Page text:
PA LowBrow came about as a group of three Prince Albert, Saskatchewan (known colloquially as P.A.) artists, myself included, who all shared a mutual love of the darkest subgenres of Metal and a similar style and technique in painting. The original Lowbrow art movement came about in the late 1960s, with artists such as Robert Williams. The term denotes that the work is somewhat “less-than” the academic “highbrow” art of classical paintings.   

See also  The Genevieve Chornenki Interview

As the three of us all come from the artistic backgrounds of tattoos, comic books, graffiti, album cover art and such, we began to meet in-studio, listen to the heaviest, hardcore death metal we could find, and we would paint.  We had several regional and provincial exhibitions of our work and also branched out into both grants from the Saskatchewan Arts Board, as well as CARFAC Mentorships. PA LowBrow only lasted a few years, but we all still create in that same LowBrow style.  

Your new book is divided into two parts. What was the hardest or most enjoyable part of putting these two factions together for this collection?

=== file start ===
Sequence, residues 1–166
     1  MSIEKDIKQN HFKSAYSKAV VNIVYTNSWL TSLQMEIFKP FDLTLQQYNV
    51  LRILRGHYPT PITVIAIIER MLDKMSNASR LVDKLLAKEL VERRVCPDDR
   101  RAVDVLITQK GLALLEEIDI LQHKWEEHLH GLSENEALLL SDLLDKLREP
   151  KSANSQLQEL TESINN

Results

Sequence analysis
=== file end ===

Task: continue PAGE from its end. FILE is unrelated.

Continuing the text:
The most difficult aspect of joining the two halves of “KITOTAM” is that the first part of the book is a very autobiographical narrative collection, recollecting memories of my youth along with current issues, whereas the second half of the book contains many lyrical, ambiguous, surrealist freeverse poems that, at times, didn’t follow the flow of the book, but were still important to the story. However, that juxtaposition between the narrative and the ambiguous ended up giving the book the feel of the mixtapes I used to make in my teen years, which I love. That mixtape feeling is probably my most enjoyable aspect.